The collapse of global equity markets between August 2007 and March 2009 has been part of the most severe global crisis since the Great Depression. While the crisis initially had its origin in the US in a relatively small market segment, the subprime mortgage market, it rapidly spread across virtually all economies, with many countries experiencing even sharper equity market crashes than the US. This makes this episode an ideal laboratory to revisit the debate about the presence and sources of contagion in global equity markets.
Financial markets Global crisis
subprime crisis, financial crises, global crisis, Eurozone crisis
Three's company: Wall Street, Capitol Hill, and K Street
Deniz Igan, Prachi Mishra 11 August 2011
Did anti-regulation lobbying fuel the subprime crisis? This column shows that there is a strong relationship between financial industry lobbying and favourable financial regulation legislation. It argues that the financial industry fought, and defeated, measures that might have curbed some of the reckless lending practices that many think played a pivotal role in igniting the crisis.
At the end of 2007—as markets grappled with early stages of what would become the worst financial crisis in the post-WWII era and a severe recession seized the US economy—the Wall Street Journal reported that two of the largest mortgage lenders in the US spent millions of dollars in political donations, campaign contributions, and lobbying activities from 2002 through 2006 (Simpson 2007).
Global crisis Politics and economics
US, Corruption, subprime crisis, financial regulation, lobbying, global crisis
Foreclosures, house prices, and the real economy
Atif Mian, Francesco Trebbi, Amir Sufi 10 February 2011
Several academics, policymakers, and regulators emphasise the role of foreclosures in the Great Recession and subsequent global crisis. This column provides one of the first attempts to show this empirically. Using micro-level data from all US states, it shows that foreclosures had a significant negative effect on house prices, residential investment, durable consumption – and consequently the real economy.
How does a negative shock to the economy get amplified into a severe and long-lasting economic slump? The answer may be found in your house. An extensive body of theoretical research shows that the forced sale of durable goods – in many cases a house – can have two undesirable consequences. First, the price of these goods is driven down. Second, these negative price effects can lead to a significant decline in real economic activity (see for example Shleifer and Vishny 1992, Kiyotaki and Moore 1997, Krishnamurthy 2009, Lorenzoni 2008, and Shleifer and Vishny 2010 for a recent discussion).
Global crisis Macroeconomic policy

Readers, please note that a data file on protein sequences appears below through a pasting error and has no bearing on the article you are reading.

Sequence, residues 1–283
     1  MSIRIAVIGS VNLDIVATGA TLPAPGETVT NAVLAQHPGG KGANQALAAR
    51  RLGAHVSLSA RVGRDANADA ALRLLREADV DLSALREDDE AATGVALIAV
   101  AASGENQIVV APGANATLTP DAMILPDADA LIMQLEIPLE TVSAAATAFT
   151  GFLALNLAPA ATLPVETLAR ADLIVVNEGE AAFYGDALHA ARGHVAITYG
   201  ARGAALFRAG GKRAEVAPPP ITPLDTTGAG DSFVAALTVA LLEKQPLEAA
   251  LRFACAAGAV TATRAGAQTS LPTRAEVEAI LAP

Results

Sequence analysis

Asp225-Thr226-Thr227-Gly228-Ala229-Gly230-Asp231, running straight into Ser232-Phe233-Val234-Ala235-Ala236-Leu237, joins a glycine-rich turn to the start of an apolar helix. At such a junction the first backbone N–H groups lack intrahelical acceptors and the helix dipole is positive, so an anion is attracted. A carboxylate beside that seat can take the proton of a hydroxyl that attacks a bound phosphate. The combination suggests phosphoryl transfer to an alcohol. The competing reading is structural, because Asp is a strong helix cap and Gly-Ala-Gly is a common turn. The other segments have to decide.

US, house prices, subprime crisis, global crisis, foreclosures
Vox’s annual break and some holiday reading tips
Richard Baldwin 25 December 2010
Vox takes its annual break between 25 December 2010 and 2 January 2011. This column documents the coevolution of VoxEU and the global economic crisis since June 2007. It also highlights a few columns that readers should read (or re-read) in preparation for the Eurozone’s next crisis.
After months of preparatory work, Vox was launched in June 2007. The first weeks were going well – and then the subprime crisis struck.
The subprime crisis establishes Vox’s niche
On the 9th, 10th, and 13th of August 2007, the US Fed injected a total of $38 billion into the US banking system; simultaneously, the ECB injected ten times that much into Europe’s banking system.
This action – which made headlines around the world – seemed inexplicable.
Frontiers of economic research
ECB, subprime crisis, global crisis, Eurozone crisis
Crisis “shock factors” and the cross-section of global equity returns
Charles W Calomiris, Inessa Love, Maria Soledad Martinez Peria 11 December 2010
Autumn 2008 was calamitous for global equities. This column presents data on stock returns from over 17,000 firms in 44 countries suggesting that the decline in share prices was associated with three separate and identifiable “shock factors”: the fall in global demand, the contraction of credit supply, and the selling pressure on equity as investors were forced to unload some of their holdings.
The financial crisis of 2007-2008 was a significant shock to the financial system and the global economy. The shock that originated in the mortgage market and banking system reduced the supply of credit, led to distressed sales of risky assets as banks and investors scrambled to shore up their liquidity and capital ratios, and plunged the global economy into a severe recession, one in which economic activity either slowed or contracted (IMF 2009), and global trade collapsed (Baldwin 2009).
Global crisis International finance
subprime crisis, global crisis, Stock returns